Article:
Did you know mania can be expressed as being incredibly, incredibly angry? I didn’t, until it happened to me. Apparently it’s not uncommon. I suddenly not only hated everyone, I had an excess of energy with which to hate them. Then I was walking in the woods at night with my dog, singing out loud. Then I was at the beach at night in the pouring rain, no coat (just a tiny tank top), laughing out loud, chasing seagulls with my dog. (My dog, in retrospect, probably loved the mania.) I realized I couldn’t slow my thoughts down; I remember having this ridiculously frantic inner monologue about meditation and mindfulness and how I could think of seven different mindfulness practices at once but I couldn’t still my mind long enough to do even half of one of them.
The mania turned mixed. I was terrified that I was about to start hallucinating. I was scared I was going to hurt myself. I yelled at my therapist, expressing maybe a third of what was going through my head during our session. He wrote court papers for me to be placed on a 72-hour observation, which were granted. I yelled at the hospital staff, I refused to work with them, I refused to go to groups, I slammed the door on the psychiatrist. Everything was “f*** this” and “f*** that” and “this is bull****”. When my hold expired, they didn’t want to file commitment on me, so I went home.
I went home on a Tuesday. On Wednesday, I told my therapist that my head was still buzzing. On Thursday, my work called me and asked if I would be coming back. I told them the truth, which I hated, which was that I didn’t think I could. I went home, watched Netflix and cried, and became increasingly more despondent. I went to church with a friend and when I came home, I let my dog out and fed him and then walked to the nearest open liquor store. I got there 15 minutes before closing, bought a bottle of the cheapest whiskey I could find, and proceeded to try to give myself alcohol poisoning.
I wanted to die, but I didn’t want to decide to die; I just wanted to pass out and drown in my own puke. But this particular whiskey was absolutely disgusting and there was a point that I realized if I drank more, I would just throw everything up immediately and I was not drunk even enough to puke willingly. (I hate, hate, hate throwing up.) So I was desperately sad. I didn’t sleep at all that night; I talked to some friends, and I talked to an on-call counselor, and once the hangover hit around 5, I spent a lot of time curled up on my bathroom floor. I figured when the hangover dry heaves chilled out, I would take the remaining Lithium I had and hope that it killed me. Instead, I called the on-call number again, and talked with a really lovely therapist who maybe saved my life — or at least my kidneys. Basically she said she still had hope for me and I said I was more suicidal than I had ever been in my life and we both agreed I needed help and to go to the hospital. And I did.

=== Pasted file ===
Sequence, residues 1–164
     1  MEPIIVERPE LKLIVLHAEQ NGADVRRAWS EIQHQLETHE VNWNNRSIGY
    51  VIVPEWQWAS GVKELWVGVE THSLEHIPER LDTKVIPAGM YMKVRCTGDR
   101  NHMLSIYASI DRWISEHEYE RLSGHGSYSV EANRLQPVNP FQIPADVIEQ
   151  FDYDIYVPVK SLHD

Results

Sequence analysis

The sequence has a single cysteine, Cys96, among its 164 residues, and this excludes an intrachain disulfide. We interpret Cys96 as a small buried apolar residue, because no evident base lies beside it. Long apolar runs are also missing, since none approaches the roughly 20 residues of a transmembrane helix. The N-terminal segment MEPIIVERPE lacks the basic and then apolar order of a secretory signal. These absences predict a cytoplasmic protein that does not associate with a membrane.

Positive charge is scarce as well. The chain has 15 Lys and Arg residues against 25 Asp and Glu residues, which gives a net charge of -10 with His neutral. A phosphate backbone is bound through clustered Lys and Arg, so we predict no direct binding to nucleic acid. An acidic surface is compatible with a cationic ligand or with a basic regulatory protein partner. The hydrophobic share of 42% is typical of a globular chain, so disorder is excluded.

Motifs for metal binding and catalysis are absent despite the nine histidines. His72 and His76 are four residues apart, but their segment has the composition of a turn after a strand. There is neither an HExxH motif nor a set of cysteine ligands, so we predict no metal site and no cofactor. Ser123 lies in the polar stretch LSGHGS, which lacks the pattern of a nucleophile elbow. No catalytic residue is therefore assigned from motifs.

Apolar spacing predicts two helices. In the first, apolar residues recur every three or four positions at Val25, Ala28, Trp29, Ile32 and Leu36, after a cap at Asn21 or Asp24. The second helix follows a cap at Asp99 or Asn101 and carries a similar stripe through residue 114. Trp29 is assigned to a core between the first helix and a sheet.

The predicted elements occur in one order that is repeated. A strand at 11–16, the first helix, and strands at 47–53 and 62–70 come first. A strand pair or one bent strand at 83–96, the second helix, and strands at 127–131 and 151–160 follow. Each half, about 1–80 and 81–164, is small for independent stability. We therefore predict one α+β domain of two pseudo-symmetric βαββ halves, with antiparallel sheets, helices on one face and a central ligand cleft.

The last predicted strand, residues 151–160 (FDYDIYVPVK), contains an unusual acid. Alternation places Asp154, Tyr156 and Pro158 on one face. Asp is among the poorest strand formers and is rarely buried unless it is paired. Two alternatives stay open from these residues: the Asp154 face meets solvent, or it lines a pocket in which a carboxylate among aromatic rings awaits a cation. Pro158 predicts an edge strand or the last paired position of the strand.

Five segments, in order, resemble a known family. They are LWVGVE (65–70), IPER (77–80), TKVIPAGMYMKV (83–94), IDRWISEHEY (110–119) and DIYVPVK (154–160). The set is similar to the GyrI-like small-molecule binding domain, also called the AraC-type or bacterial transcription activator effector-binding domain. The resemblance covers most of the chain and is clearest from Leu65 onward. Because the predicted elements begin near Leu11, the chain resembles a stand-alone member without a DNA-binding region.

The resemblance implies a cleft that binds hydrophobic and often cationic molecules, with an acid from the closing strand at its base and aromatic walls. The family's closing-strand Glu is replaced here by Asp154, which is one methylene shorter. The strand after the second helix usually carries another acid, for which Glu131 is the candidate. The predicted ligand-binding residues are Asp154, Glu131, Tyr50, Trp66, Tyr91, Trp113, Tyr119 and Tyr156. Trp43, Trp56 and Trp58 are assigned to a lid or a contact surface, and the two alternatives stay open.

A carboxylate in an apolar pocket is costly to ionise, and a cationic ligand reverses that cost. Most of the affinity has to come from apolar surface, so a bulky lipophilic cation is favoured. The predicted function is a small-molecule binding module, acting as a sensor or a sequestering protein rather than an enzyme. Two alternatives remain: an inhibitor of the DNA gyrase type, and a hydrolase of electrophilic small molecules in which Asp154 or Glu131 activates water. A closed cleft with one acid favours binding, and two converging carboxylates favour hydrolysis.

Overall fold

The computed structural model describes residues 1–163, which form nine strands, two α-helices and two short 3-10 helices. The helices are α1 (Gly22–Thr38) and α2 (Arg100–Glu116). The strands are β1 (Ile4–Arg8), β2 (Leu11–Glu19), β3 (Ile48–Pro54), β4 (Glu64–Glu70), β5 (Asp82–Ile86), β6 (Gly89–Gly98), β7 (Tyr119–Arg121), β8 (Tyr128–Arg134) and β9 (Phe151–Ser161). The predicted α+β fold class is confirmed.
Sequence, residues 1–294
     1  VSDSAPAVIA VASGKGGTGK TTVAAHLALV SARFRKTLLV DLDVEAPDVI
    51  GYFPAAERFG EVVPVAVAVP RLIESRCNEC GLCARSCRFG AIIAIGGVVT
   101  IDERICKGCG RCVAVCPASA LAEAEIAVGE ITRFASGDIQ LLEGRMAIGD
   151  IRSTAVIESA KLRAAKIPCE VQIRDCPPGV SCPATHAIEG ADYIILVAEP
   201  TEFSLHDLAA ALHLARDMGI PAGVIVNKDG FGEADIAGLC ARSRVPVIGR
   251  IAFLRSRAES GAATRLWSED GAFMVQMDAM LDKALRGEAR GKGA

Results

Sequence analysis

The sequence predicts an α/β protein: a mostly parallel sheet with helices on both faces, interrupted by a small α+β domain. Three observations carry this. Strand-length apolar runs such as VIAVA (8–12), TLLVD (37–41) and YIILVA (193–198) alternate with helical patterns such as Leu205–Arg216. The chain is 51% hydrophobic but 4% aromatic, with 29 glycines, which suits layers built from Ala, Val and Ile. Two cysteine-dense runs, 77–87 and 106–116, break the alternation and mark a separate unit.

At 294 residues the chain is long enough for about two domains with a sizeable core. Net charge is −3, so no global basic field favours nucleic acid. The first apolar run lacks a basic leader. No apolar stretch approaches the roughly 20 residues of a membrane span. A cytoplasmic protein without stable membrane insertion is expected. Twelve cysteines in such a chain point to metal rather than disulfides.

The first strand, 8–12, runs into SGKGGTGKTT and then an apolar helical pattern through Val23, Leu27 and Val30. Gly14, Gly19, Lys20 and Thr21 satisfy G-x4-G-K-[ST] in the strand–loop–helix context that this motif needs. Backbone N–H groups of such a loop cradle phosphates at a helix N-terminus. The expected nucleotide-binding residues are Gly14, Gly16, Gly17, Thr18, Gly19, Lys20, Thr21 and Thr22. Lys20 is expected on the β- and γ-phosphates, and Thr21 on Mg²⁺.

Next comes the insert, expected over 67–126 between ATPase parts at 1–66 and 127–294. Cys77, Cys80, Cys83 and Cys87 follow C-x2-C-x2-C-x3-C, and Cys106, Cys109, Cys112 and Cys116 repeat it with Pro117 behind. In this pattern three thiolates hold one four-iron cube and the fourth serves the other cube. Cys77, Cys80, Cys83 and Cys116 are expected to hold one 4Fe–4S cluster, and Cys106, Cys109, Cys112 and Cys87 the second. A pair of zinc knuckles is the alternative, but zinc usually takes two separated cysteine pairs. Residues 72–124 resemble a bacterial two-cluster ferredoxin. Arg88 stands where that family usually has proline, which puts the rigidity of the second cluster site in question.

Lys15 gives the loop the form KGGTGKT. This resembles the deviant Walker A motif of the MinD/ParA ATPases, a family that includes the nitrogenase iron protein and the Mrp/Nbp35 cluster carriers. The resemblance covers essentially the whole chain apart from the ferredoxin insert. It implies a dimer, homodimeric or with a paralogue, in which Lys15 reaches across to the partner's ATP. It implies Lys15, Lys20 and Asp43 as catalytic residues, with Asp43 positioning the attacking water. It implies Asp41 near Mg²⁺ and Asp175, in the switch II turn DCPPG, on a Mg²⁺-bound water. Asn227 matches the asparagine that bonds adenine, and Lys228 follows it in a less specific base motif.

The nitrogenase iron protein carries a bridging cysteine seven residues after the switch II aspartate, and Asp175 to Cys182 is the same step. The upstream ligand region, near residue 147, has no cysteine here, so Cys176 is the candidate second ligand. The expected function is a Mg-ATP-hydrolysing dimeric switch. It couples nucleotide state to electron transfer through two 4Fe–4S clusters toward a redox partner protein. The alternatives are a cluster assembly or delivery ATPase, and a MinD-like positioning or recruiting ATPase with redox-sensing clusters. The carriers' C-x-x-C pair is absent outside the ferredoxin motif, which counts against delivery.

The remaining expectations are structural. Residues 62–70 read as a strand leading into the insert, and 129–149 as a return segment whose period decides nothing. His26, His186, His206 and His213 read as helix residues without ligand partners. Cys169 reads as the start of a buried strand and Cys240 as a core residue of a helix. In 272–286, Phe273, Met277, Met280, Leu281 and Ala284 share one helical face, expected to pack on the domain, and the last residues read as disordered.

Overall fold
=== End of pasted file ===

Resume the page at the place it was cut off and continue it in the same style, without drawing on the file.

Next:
I didn’t tell anyone that I had been trying to kill myself with the alcohol; it was such a pathetically failed and poorly thought out attempt that I was embarrassed. But that’s what I had been trying to do, when I’m honest with myself about it.
I spent another week and a half in the hospital. They switched the Seroquel to something else I tolerate better. I was relatively more compliant with the hospital staff that time around. My diagnosis was upgraded to bipolar type I, due to the severity of my manic/mixed episode. I was released from the hospital 15 days ago, and I’ve been stable enough since. I have no job, and I had to move back in with my parents, but at least I keep my coat on in the rain, you know? At least I’m not singing in the woods.
I’m not going to try to kill myself anymore. The thing about this attempt was that it felt so sad to me that it talked me out of trying again. I decided to live, hungover and emotional in the ER cubicle that Friday morning. The ambivalence I posted about before is a thing of the past.